Black sermonic tradition

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The Black sermonic tradition, or Black preaching tradition, is an approach to sermon construction and delivery among primarily African Americans. The tradition seeks to preach messages that appeal to both the intellect and the emotive dimensions of humanity. The tradition finds its roots in the painful experiences of blacks during slavery in the United States, as well as experiences during the Jim Crow era and subsequent discrimination.


Scholars and practitioners have widely recognized four elements of the tradition, which widely continue to the modern day. Firstly, the preaching emphasizes the preacher's freedom to be his or her authentic black self and not have to front a false persona to appease certain expectations of members of the dominant society.

Secondly, the preaching is characterized by a variety of rhetorical embellishments including often jarring hyperbole, corresponding body language, and musicality in vocalizations. Thirdly, it is often marked by challenges to dominant societal structures and emphasizes how individuals may be transformed by having a relationship with God. Finally, there is a recognition of historical continuity with ancestors and their struggles.

Some African American poetry and other literature is organized by the pattern of the sermonic tradition.

Raboteau describes a common style of black preaching first developed in the early nineteenth century, and common throughout the 20th and into the 21st centuries:

The preacher begins calmly, speaking in conversational, if oratorical and occasionally grandiloquent, prose; he then gradually begins to speak more rapidly, excitedly, and to chant his words and time to a regular beat; finally, he reaches an emotional peak in which the chanted speech becomes tonal and merges with the singing, clapping, and shouting of the congregation.[1]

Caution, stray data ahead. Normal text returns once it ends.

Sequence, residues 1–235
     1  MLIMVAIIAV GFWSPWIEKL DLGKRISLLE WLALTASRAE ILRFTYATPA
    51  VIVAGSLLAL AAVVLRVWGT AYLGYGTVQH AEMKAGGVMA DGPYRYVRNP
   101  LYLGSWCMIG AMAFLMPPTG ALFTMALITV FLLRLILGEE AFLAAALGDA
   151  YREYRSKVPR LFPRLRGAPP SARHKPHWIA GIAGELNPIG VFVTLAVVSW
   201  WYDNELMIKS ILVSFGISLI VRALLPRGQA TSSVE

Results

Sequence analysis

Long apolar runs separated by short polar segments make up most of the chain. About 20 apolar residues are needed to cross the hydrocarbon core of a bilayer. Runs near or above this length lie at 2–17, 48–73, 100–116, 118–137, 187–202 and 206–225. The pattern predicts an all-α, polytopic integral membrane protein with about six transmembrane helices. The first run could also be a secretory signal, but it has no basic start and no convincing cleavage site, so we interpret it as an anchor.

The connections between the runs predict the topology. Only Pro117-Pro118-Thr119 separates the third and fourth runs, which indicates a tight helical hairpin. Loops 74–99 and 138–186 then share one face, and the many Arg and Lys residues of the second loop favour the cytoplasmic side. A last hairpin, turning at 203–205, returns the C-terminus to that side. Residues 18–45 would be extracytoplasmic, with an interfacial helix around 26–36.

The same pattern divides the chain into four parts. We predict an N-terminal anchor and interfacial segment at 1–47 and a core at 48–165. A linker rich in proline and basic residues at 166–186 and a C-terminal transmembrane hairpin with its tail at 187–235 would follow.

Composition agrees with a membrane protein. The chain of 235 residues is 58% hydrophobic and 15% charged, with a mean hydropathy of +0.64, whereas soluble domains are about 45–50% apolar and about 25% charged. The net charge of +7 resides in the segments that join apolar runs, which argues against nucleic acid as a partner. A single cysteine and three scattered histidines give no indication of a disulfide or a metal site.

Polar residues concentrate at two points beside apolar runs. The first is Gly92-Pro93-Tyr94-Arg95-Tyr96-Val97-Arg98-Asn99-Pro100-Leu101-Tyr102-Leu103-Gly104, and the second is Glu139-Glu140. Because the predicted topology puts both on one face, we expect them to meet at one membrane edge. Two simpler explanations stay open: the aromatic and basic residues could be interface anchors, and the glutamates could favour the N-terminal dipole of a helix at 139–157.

See also[edit]


  1. ^ Albert Raboteau, A Fire in the Bones, Reflections on African-American Religious History (1995), pp. 143–44
  • Hubbard, Don (1996). The Sermon and the African American Literary Imagination, University of Missouri Press, ISBN 0-8262-1087-2
  • LaRue, Cleophus J. (1999). The Heart Of Black Preaching, John Knox Press, ISBN 0-664-25847-6
  • Lyndrey A. Niles, "Rhetorical Characteristics of Traditional Black Preaching", Journal of Black Studies, Vol. 15, No. 1, Sep., 1984, pp. 41–52.
  • Mitchell, Henry H. (1990). Black Preaching: The Recovery of a Powerful Art, Abingdon Press, ISBN 0-687-03614-3
  • Mitchell, Henry H. (2004). Black Church Beginnings: The Long-Hidden Realities of the First Years, Wm. B. Eerdmans Pub., ISBN 0-8028-2785-3
  • Moyd, Olin P. (1995). The Sacred Art: Preaching & Theology in the African American Tradition, Judson Press, ISBN 0-8170-1220-6
  • Walter Pitts, "West African Poetics in the Black Preaching Style", American Speech, Vol. 64, No. 2 (Summer, 1989), pp. 137–149.

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